Phone app allows selfies for new card passport
Published 06/10/2015 | 02:30
Irish citizens will be able to take a selfie for the new passport card, in lieu of the traditional photobooth shot.
The new-style passport, which is the size of a credit card, was launched by Foreign Affairs Minister Charlie Flanagan yesterday.
Ireland is one of the first countries in the world to launch the passport card, which will fit in any wallet or purse.
Irish citizens, who currently hold a valid Irish passport book, can apply for the document online and through a free smartphone application, which was launched yesterday.
The card costs €35 and will be valid for five years.
A number of Irish companies were involved in the design, which "adheres to the highest levels of security".
Minister Flanagan described it as "a most significant innovation".
"It will enhance the travel experience for Irish people as they travel abroad. This is an Irish-led, Irish-designed project, combining cutting-edge technology," he said.
"The card will be recognised by all the major airlines operating out of Ireland and it covers key destinations for Irish business travellers and holidaymakers."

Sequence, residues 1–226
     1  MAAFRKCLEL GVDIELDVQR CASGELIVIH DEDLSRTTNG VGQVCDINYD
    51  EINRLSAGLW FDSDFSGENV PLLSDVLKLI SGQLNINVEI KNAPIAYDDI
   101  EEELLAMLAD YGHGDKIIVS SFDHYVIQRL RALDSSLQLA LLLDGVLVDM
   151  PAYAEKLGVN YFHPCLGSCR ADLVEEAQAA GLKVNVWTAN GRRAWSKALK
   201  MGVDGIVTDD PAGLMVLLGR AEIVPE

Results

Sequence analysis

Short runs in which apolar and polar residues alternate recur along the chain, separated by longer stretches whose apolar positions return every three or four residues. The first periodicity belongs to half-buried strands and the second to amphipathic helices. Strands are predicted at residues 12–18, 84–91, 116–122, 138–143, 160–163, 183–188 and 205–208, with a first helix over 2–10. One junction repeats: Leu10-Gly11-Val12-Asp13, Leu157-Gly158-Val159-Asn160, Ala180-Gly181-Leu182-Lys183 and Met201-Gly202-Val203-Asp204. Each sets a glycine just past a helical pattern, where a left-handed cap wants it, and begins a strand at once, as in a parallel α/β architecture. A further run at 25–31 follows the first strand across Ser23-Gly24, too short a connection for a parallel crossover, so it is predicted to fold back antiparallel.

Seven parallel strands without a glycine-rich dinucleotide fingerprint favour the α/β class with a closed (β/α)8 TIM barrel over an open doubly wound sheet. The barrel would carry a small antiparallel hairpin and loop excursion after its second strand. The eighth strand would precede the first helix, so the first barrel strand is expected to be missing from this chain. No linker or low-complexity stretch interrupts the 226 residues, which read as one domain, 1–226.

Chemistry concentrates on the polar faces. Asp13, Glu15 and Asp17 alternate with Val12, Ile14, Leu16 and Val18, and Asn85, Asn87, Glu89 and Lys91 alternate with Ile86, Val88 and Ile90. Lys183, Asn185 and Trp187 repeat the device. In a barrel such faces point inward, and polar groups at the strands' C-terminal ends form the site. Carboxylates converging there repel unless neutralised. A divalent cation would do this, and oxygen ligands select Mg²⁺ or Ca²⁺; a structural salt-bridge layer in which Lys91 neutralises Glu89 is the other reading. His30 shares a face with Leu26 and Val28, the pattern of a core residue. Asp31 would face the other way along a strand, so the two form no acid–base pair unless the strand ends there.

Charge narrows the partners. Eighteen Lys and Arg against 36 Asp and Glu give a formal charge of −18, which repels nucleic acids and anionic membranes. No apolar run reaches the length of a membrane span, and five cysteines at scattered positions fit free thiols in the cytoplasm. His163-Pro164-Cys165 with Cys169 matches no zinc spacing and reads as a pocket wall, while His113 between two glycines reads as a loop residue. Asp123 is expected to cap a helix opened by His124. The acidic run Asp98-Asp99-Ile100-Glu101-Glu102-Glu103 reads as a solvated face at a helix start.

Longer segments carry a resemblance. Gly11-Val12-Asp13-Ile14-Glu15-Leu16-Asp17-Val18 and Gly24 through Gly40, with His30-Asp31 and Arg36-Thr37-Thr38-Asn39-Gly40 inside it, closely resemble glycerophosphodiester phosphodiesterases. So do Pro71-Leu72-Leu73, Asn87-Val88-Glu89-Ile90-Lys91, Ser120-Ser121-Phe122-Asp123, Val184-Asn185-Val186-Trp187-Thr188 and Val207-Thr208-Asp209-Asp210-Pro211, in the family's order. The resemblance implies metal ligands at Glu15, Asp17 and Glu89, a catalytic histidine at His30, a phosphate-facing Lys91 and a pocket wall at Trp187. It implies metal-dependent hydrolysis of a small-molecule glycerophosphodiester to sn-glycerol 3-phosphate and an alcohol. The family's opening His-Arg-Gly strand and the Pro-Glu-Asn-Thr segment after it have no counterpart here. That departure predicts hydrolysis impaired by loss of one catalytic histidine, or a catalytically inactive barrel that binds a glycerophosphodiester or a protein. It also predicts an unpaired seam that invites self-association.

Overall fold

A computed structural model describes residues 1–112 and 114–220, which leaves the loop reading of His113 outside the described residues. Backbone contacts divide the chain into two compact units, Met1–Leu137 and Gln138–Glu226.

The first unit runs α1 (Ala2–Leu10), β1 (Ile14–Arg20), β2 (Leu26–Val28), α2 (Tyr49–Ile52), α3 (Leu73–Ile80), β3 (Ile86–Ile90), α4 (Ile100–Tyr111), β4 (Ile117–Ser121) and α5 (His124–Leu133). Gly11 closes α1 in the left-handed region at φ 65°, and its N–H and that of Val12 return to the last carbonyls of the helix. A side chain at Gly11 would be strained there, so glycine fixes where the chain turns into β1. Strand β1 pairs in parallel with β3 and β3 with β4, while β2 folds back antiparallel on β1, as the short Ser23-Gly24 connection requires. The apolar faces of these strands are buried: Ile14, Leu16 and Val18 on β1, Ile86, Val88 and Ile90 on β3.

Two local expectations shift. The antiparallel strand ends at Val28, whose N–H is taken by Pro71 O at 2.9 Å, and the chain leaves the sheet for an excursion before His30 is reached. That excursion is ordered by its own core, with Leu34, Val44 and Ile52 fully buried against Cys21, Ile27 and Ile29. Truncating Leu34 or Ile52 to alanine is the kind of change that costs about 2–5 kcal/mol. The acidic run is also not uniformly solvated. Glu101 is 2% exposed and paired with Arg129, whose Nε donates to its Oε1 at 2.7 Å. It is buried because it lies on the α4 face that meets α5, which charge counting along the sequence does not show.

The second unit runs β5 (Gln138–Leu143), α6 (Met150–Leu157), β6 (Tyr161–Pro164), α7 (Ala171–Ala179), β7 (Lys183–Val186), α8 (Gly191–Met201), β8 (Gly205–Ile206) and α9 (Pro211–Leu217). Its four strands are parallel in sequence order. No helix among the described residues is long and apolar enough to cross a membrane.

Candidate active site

Applicants for the new card must be over 18 years old and Minister Flanagan said the application system includes a "photograph-compliance test component".
"This means that applicants can take a selfie and check that your photograph meets the international passport standard requirements prior to the submission. I am particularly proud that Ireland is one of the first countries in the world to introduce such a passport card," he added.
The processing time is currently estimated at 20 days.
The new card can be used to travel within the 28 European Union member states, as well as the countries within the European Economic Area, which includes Iceland, Liechtenstein and Norway.
The Department of Foreign Affairs said it is not necessary to cancel the card if a passport holder loses the traditional book. And if the card is lost, it will not be necessary to cancel the book.
Minister Flanagan said the new card will be an "invaluable and important document" and he is calling for it to be given "the full respect that it deserves and that it be safeguarded in the most careful way".